Why is furniture hot right now?
Our residential furnishings industry is enjoying a surge in demand, and a lot of people don’t understand why (and wonder if it is here to stay). Here’s our take (long story short, we think our industry is in for a nice long run) on it.
With COVID-19 raging across the world, people spent more time at home and wanted new furnishings to enjoy: a new sofa, a home office configuration or a new patio set (since the outdoors seemed to be a safer place to entertain). These are the obvious influences bolstering the industry.
We also must look to Uncle Sam for the massive stimulus checks that families, college students and the unemployed received. PPP #1 and #2, beefed up unemployment checks, child tax credits and periodic direct payments all flowed to personal pocketbooks and gave consumers cash to buy that new sofa or light fixture. Americans have $2.3 trillion more in savings today than pre-COVID-19, reports Axios News. And they are putting it to use in their homes, with the average home renovation in 2020 about $1,000 more than in 2019 (according to Homeadvisor).
And with the consumer not going to the movies or Yellowstone Park or Italy, not to mention the local steakhouse, there was excess discretionary spending to save up or use to purchase furniture. These habits will return to normal over time and have some settling effect. However, we see today that the planes and restaurants are full again, yet demand for furnishings is still in full swing: Perhaps normal is already here?
Beyond these COVID-19 impacts, we see shifts that will continue to fuel strong growth in furnishings, even as things continue to reestablish towards pre-pandemic normalcy.
Generational shifts — Baby Boomers have a disproportionate share of wealth and real estate in the U.S., but the transfer of this wealth to Gen-X and Millennials has already begun and is giving these more than 130 million people a leg up on buying homes (these two demographics are now almost double the size of the Baby Boomers who have now been surpassed as the largest generational cohort).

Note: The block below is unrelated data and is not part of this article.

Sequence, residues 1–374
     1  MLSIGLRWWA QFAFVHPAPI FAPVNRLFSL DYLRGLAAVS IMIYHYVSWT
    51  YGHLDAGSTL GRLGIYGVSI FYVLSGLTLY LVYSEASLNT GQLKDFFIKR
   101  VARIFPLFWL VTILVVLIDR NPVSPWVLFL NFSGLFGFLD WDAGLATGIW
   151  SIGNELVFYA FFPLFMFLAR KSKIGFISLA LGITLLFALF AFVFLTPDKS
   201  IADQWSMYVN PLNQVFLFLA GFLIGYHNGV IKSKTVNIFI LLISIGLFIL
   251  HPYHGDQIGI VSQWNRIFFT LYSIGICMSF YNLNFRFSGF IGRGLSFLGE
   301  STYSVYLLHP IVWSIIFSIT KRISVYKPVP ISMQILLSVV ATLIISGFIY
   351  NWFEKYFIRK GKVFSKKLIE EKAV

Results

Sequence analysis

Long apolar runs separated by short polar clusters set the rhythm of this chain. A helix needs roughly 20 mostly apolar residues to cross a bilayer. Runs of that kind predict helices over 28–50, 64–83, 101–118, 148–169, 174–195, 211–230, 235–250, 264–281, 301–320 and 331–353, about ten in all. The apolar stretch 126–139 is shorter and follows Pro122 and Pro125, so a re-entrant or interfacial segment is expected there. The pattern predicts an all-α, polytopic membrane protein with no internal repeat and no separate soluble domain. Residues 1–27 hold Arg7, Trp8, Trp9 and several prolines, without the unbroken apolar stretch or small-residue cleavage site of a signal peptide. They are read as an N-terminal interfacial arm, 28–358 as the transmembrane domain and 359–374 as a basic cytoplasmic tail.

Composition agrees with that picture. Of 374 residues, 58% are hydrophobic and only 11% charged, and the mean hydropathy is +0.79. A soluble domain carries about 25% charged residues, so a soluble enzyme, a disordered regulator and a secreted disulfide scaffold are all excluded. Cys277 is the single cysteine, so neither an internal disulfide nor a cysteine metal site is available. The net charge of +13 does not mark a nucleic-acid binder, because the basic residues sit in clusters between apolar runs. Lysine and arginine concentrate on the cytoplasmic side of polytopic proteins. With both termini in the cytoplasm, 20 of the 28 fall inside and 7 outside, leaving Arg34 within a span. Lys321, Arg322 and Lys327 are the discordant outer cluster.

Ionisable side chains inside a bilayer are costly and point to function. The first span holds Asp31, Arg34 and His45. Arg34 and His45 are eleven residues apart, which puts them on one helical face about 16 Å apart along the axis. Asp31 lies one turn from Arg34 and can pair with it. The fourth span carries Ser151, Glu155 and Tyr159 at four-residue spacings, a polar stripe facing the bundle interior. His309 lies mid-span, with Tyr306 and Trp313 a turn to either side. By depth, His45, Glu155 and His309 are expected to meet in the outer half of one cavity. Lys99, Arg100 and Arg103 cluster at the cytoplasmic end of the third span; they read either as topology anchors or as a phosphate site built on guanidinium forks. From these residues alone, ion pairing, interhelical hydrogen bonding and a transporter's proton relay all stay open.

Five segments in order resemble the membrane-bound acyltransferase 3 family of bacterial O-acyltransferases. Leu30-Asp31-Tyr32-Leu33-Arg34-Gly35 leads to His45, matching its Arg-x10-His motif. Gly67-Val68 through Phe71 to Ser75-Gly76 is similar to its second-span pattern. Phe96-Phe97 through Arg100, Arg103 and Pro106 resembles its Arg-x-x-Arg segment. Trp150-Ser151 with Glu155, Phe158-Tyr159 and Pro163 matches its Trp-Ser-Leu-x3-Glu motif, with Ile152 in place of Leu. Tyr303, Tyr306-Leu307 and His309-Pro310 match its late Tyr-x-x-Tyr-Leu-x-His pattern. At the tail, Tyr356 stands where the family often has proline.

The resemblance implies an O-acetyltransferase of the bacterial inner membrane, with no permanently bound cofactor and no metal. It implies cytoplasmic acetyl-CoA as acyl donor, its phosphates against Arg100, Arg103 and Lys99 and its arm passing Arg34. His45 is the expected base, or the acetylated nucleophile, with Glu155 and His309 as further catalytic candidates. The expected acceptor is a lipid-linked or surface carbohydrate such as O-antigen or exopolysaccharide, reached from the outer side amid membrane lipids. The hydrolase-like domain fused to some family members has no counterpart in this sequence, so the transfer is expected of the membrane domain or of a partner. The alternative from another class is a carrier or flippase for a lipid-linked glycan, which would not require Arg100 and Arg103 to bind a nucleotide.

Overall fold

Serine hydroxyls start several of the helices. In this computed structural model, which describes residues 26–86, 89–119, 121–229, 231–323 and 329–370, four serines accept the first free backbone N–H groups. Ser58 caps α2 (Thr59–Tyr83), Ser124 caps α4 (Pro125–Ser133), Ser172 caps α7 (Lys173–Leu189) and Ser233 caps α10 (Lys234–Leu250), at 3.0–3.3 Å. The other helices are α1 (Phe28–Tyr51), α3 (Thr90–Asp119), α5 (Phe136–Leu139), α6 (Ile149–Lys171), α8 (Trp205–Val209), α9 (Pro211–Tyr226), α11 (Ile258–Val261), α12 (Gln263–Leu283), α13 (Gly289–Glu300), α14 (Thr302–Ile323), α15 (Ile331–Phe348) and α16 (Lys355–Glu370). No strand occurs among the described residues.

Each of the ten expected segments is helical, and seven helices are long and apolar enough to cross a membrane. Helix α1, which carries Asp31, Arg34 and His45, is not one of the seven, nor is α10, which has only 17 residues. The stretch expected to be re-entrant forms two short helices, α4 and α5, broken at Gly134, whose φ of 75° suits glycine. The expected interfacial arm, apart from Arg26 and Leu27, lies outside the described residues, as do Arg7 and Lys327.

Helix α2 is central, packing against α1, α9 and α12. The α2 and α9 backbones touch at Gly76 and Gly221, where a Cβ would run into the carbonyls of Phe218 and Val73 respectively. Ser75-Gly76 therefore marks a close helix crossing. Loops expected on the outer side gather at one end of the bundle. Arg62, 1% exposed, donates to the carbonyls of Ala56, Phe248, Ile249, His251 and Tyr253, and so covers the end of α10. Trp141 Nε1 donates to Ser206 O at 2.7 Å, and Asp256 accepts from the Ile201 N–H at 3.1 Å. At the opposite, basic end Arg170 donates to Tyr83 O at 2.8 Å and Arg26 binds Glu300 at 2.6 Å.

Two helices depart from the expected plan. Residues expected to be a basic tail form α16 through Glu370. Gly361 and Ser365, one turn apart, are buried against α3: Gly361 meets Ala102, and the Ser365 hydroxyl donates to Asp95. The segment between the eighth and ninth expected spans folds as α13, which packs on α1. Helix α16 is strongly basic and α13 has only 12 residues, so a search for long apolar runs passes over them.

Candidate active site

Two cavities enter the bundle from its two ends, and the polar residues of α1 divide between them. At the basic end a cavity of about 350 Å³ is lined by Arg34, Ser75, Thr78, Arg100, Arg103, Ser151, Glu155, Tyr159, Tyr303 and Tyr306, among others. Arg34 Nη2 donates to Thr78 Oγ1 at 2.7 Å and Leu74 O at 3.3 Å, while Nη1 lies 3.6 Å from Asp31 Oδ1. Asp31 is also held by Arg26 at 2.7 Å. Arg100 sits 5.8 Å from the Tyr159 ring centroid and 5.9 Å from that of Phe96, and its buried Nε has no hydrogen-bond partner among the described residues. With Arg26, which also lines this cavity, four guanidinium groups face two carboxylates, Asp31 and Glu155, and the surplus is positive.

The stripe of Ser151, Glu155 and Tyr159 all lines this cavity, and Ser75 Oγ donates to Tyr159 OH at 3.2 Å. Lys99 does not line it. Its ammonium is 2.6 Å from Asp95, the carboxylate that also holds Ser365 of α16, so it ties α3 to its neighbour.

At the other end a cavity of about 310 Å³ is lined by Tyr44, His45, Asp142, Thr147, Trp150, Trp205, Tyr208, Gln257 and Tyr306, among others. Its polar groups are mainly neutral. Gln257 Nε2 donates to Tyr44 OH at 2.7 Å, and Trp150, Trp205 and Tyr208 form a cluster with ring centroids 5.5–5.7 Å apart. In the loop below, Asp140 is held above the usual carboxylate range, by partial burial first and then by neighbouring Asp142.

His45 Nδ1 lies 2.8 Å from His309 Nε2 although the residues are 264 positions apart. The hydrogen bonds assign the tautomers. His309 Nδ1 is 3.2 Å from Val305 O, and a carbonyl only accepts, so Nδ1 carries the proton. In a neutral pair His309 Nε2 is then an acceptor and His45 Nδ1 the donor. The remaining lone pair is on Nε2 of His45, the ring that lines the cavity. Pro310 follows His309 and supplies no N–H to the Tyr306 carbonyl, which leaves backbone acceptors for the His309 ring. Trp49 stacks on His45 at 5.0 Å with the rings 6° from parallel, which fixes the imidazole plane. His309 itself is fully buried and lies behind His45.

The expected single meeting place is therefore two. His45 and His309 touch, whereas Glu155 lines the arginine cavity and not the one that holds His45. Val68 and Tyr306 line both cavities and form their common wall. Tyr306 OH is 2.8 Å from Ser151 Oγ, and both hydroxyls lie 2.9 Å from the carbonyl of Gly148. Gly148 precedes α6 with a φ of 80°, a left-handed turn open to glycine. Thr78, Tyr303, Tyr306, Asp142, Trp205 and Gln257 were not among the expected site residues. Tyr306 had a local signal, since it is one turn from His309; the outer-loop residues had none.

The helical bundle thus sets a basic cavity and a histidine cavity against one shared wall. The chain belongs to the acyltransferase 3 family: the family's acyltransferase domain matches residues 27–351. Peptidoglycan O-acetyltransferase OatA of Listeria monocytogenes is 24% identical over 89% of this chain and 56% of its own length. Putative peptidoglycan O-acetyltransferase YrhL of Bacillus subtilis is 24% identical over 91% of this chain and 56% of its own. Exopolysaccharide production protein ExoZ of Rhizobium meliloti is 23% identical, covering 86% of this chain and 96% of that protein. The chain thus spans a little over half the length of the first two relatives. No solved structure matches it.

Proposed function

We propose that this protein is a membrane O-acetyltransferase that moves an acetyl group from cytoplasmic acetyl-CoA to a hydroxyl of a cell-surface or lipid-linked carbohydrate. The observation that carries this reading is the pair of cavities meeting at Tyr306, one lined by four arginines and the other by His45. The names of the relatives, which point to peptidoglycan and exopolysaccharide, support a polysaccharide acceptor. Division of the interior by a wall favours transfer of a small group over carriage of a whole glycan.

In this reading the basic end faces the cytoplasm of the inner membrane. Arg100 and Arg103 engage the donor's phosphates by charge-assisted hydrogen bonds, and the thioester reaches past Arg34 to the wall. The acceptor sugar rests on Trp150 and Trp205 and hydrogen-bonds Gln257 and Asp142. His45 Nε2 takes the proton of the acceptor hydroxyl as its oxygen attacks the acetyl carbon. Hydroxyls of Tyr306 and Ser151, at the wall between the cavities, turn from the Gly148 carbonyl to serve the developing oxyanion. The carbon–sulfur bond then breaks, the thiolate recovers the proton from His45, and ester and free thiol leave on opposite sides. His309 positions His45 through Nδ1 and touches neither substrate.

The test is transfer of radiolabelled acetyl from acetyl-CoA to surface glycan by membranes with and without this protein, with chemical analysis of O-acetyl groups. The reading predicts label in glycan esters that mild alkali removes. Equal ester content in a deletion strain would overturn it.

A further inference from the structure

And with bank mortgage rates at all-time low levels (below 3%), it is enabling home ownership of larger homes for this new demographic. New home creation is the No. 1 driver of furniture purchases. This is also being felt in second home sales, which is surging as city dwellers want a beach or mountain house to get away from the crowds. And every new beach (or mountain) house needs a whole new set of furniture.
Digitally native buyers and brands — Millennials will not only increasingly drive volume but tastes. And they are empowered by home furnishings influencers all at their fingertips: Instagram, Pinterest and a broad swath of digital media. Access and visibility into well-curated and gorgeously appointed homes has never been more accessible to the everyday consumer. They see it on the screen, and they want it in their homes.
And as the first digitally native generation, they are seeking out digitally native brands that speak not just to their aesthetic but to their ethos. They are also looking for their own homes to look as curated and crafted as the ones on their screens (we anticipate this will increase reliance on interior designers as consumers try — and fail — to achieve a look on their own). This translation from the screen into the home will be a major driver of the evolving landscape of home furnishings for years to come.
General Wealth effect — The two primary levers of personal wealth are home values and public stock prices, both at all-time highs. There is money to spend and relatively high consumer confidence. People feel good about spending their money on, and in, the home.
E-commerce — Online sales surged during COVID-19 because Wayfair and other marketplaces made it simple and affordable to have (increasingly high-quality) furniture delivered to your door within days and at the click of a button. But this type of service — almost instant gratification — is addictive and will keep the consumers coming.
Despite recent public e-commerce quarterly reports that are down vs. the mammoth Q3 of 2020, it is clear there has been an acceleration in e-commerce adoption, a change in consumer behavior and a meaningful step change in demand. Many brick-and-mortar retailers also recognize the importance of this trend and have stepped up their e-commerce game. E-Commerce in home furnishings has eclipsed 30%+ penetration and is projected to be 50% by 2030.
We are bullish on the furniture industry long term. How about you?